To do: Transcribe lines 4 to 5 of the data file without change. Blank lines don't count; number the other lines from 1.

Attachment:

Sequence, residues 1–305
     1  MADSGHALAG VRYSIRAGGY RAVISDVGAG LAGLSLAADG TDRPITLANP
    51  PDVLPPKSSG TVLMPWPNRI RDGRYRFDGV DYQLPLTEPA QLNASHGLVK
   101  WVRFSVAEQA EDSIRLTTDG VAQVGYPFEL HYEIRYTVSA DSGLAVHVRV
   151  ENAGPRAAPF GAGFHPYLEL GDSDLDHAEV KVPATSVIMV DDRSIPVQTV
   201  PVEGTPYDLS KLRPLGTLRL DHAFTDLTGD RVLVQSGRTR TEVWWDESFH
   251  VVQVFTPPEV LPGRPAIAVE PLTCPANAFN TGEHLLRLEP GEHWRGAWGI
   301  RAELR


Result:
   101  WVRFSVAEQA EDSIRLTTDG VAQVGYPFEL HYEIRYTVSA DSGLAVHVRV
   151  ENAGPRAAPF GAGFHPYLEL GDSDLDHAEV KVPATSVIMV DDRSIPVQTV